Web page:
What makes investors forget about losing an iconic leader? How about traction in a market with four times more people than the United States that's now the largest computing market in the world? New research says that's exactly what's happening to Apple (NAS: AAPL) .
On Friday, Ticonderoga Securities analyst Brian White said in a research note that MacBook Air sales in Hong Kong have been brisk and, that based on his checks, the svelte laptop should perform equally well on the mainland, Fortune reports. Buyers are also taking to the iPad and iPhone, White said.
This may be why the news of Steve Jobs resigning was already priced in. Investors knew Apple was well-positioned globally; they just couldn't predict when, or how, Jobs would step down, or whether his leaving would hurt the company's chances of taking advantage.
Both those questions have now been answered. The Steve will continue as chairman, ensuring CEO Tim Cook won't pursue directional shifts without first receiving Jobs' blessing. And whatever lingering concerns there may be over his leaving, Jobs' departure has had zero impact on consumer sales in China.
Expect similar reports here in the U.S. Jobs will be missed, certainly, but I suspect you'd be hard pressed to find anyone who bought a Mac (or an iPad or iPhone) because of an affinity for The Great Turtlenecked One.
Instead, Apple is winning because of product design and competitive positioning so fierce it's driven Hewlett-Packard (NYS: HPQ) to withdraw from the consumer device business, just as Dell (NAS: DELL) and Asian PC manufacturers drove IBM (NYS: IBM) from the commodity computing business six years ago.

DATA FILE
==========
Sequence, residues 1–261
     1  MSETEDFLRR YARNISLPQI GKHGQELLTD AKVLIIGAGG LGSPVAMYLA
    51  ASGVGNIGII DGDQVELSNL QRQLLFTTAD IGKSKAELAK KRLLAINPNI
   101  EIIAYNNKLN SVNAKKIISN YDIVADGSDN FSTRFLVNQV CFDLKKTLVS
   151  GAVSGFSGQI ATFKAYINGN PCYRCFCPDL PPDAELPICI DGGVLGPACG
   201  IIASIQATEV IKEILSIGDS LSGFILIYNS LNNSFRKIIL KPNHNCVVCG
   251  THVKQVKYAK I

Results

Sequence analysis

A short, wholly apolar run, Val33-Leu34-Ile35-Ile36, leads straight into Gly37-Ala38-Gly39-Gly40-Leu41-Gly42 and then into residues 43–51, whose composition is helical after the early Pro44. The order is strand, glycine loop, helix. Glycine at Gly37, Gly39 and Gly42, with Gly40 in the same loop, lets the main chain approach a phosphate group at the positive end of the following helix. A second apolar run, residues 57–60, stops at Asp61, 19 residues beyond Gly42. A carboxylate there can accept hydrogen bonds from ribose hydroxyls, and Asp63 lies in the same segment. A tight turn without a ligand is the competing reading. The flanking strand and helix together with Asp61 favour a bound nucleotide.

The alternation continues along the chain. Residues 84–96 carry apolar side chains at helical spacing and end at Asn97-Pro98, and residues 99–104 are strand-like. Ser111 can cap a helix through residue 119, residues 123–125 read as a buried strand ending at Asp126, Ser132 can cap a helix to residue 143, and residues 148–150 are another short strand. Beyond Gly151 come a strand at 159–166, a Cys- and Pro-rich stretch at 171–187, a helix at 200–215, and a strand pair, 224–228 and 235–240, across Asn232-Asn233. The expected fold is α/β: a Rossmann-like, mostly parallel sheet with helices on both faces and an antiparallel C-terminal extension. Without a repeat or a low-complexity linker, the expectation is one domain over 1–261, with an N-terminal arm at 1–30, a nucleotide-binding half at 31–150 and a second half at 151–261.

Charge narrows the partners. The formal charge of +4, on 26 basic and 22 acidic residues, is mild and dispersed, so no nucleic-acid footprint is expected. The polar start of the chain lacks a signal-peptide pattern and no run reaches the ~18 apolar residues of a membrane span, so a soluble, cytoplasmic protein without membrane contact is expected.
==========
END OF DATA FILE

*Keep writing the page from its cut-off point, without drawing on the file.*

Do you agree? Disagree? Please weigh in using the comments box below. You can also add Apple to your watchlist for up-to-date analysis on the stock as soon as it's published.
At the time thisarticle was published Fool contributorTim Beyersis a member of theMotley Fool Rule Breakersstock-picking team. He owned shares of Apple and IBM at the time of publication. Check out Tim'sportfolio holdingsandFoolish writings, or connect with him onGoogle+or Twitter, where he goes by@milehighfool. You can also get his insightsdelivered directly to your RSS reader.The Motley Fool owns shares of IBM and Apple.Motley Fool newsletter serviceshave recommended buying shares of Dell and Apple, as well as creating a bull call spread position in Apple. Try any of our Foolish newsletter servicesfree for 30 days. We Fools may not all hold the same opinions, but we all believe thatconsidering a diverse range of insightsmakes us better investors. The Motley Fool has adisclosure policy.